Older Vehicles Here in the US, usually used the Engine Cooling Loop Antifreeze run through an auxiliary Heat Exchanger in the Air Handling system. This was Doubly Useful for Desert Conditions, as You could call for Cockpit Heat and add another ten percent or so to the Cooling available to the Engine Cooling system Loop (But Baked Inside the Cockpit!)

    I hope that the APTERA would utilize the cooling loop similarly, for the same reason – if Ya had a “Hot Battery” Alarm, Ya could Call for Heat/Defrost, and Help with the cooling Duties for the Machine.

    • john-malcom

      December 18, 2021 at 5:22 pm

      There will be no heat pump in the first production Aptare as the development cycle is 2+ years.

  • Gadget

    February 4, 2022 at 2:47 pm

    Well, to the heat / air conditioner debate, I’d like to throw in something.

    The current design of Aptera is based on total aerodynamics for low drag. Aptera has put half split opening windows on the first model, that seem to small to be of much good for doing things like handing things in or out through the window ,say like at a drive through window. Well that’s probably a mute point anyway, as those front tires stick out so far, both you and whoever is working the window would need six foot arms. And if you open the window at highway speeds, you’ll trash the aerodynamics over the body.

    So I Dont know if the designers know about something called a N.A.C.A. duct air inlet. But to bring in a lot of air, for ventilation or to cool the batteries, instead of relying on in the body cooling tubing, NACA vent inlets could be used. ( Hope the cooling tubes can be easily fixed in case of a impact to the body where they are). They bring in boundary layer air ( used on aircraft for years ) and don’t wreck the airflow. For passenger comfort, one could be on each side, up front higher up between those massive wheel pants they are having to stick out so far because of air flow problems, drawing off the compressive air between the nose and wheel pants, smoothing the air while allowing the wheels to be moved in to a more normal 75″ spacing. Fixing a couple of issues. Change the window design, to a simple taller opening, without the horizontal strip, maybe just hinged at the top or bottom for use while stopped to hand things through or low speed venting, and let the NACA air vents bring in all the air you’ll ever need while cruising.

    Hey, what do aircraft engineers know anyway about aerodynamics?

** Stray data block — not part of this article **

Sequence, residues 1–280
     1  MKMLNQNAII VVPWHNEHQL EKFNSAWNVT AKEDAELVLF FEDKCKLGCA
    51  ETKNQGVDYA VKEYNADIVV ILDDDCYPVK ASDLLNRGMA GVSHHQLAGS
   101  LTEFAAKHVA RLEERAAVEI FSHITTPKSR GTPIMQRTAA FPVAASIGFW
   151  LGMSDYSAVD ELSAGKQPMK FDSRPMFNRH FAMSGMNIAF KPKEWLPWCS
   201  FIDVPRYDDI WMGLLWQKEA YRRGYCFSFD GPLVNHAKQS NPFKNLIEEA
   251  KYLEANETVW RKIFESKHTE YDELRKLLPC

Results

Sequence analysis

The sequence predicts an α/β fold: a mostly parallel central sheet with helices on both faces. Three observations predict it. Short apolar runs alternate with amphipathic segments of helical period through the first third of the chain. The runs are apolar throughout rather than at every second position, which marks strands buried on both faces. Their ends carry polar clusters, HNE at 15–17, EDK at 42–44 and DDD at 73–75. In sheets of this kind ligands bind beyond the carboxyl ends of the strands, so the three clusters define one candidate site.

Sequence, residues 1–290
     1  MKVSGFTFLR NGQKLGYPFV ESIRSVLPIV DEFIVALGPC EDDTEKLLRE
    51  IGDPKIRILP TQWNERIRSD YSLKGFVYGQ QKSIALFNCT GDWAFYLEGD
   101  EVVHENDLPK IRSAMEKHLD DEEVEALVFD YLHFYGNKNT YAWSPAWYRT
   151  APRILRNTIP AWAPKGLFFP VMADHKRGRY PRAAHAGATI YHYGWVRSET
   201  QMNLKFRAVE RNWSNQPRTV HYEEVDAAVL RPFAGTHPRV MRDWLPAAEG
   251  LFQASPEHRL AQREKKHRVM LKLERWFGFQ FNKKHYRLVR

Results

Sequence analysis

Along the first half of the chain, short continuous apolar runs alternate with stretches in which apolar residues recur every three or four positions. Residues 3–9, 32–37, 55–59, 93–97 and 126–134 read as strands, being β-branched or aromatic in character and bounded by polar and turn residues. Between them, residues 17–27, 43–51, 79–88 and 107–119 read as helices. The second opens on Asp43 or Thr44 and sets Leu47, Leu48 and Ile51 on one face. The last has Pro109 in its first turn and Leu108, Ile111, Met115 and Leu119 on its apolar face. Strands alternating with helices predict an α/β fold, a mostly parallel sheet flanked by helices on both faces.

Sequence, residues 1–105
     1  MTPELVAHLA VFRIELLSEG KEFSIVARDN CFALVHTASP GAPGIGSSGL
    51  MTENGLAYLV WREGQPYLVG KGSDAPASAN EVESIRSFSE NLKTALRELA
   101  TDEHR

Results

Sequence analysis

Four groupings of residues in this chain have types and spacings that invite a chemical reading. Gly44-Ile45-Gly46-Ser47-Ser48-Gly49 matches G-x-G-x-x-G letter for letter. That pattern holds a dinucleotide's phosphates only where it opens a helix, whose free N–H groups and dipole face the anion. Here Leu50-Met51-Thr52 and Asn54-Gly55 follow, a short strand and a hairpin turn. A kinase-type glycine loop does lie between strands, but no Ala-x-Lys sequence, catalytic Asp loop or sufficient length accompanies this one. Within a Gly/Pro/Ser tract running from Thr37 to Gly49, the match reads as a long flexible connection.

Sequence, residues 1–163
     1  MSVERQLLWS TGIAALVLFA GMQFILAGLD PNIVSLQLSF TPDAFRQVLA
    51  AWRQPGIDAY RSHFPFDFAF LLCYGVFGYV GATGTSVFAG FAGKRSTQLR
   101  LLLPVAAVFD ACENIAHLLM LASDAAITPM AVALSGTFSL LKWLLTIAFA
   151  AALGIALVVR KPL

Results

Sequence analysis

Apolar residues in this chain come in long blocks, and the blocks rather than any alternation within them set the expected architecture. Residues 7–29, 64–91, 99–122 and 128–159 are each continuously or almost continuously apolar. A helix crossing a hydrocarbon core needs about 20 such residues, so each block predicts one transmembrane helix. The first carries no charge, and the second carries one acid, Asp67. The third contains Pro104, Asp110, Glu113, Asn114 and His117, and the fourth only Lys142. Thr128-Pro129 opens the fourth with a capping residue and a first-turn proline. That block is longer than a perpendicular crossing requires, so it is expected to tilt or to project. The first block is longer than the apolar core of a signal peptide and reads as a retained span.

• romeo-salcedo

    March 8, 2022 at 7:11 am

    Air conditioning, I am in Hawaii and would like to know if I sit in the Aptera with the air condition on in the parking lot, how much electric power will I use if I stay for one hour. My Aptera will be all solar.

  • Biker

    March 8, 2022 at 8:50 am

    That kind of info is probably not yet available.

  • n-bruce-nelson

    March 8, 2022 at 1:34 pm

    Roman, I have a background in AC and worked as designer and supplier of AC for several early EVs including the Ford THINK! city car, and numerous military applications where power saving in extreme conditions was essential. I have the following statement from Aptera:

    “Energy consumption from the A/C can have a significant impact on a hot day. Our well-insulated body helps but A/C can be an energy hog. You could see 10 to 20% less range on really hot days. We have a fan to extract the hot air from the cabin that uses solar energy to keep the interior cool on a hot day. More exact figures will be shared over the next few months closer to the finalization of our production-intent vehicle once we have undergone more testing!”

    I can also tell you that Aptera is designed to perform well in ambient temperatures up to 125 F (about 52 C) I have some educated guesses that I could share regarding the tech but I can assure you that a lot of small measures add up to superior, and energy efficient performance, even in extreme conditions.
    N. Bruce Nelson
    Aptera Brand Ambassador / Communications Committee co-chair

  • kerbe2705

    March 8, 2022 at 7:36 pm

    Although it’s comparing apples to oranges… My Honda Clarity PHEV has aa electrical AC system (not a heat pump). With sweltering south Mississippi summer temps in the upper 90°s, humidity at 100%, no breeze and a blazing sun in a cloudless sky, parked in my car with the AC set to 74° I’ll lose about 1/10th of a mile of range in 20 minutes.

    I do this weekly (parking outdoors for 20 minutes) as I’m required to wait that amount of time after receiving my allergy shots. In cold weather, the resistance heat drops the range the same amount, but in 15 minutes.

  • peter-jorgensen

    March 9, 2022 at 10:55 am

    500-1000W is common for most EVs to run either the heater or AC to maintain temperature differences of 30-50 degrees. It will be higher at first if you are starting with a hot cabin.

    These are all wild guesses from me but should be in the ballpark:
    If you camp overnight with the AC running and a 25kwh battery it will use about 20%-30% of your battery

    In other words, a 25kwh battery will last about 24-48 hours. A 40 kwh battery will last 40-80 hours, and a 60 kwh battery would last 3-6 days. If you’re stuck in one of those rare Hawaiian snow storms in 10°F weather, a 100kwh battery would keep you warm from a full charge for about a week.

  • paul-farley

    April 24, 2022 at 5:16 am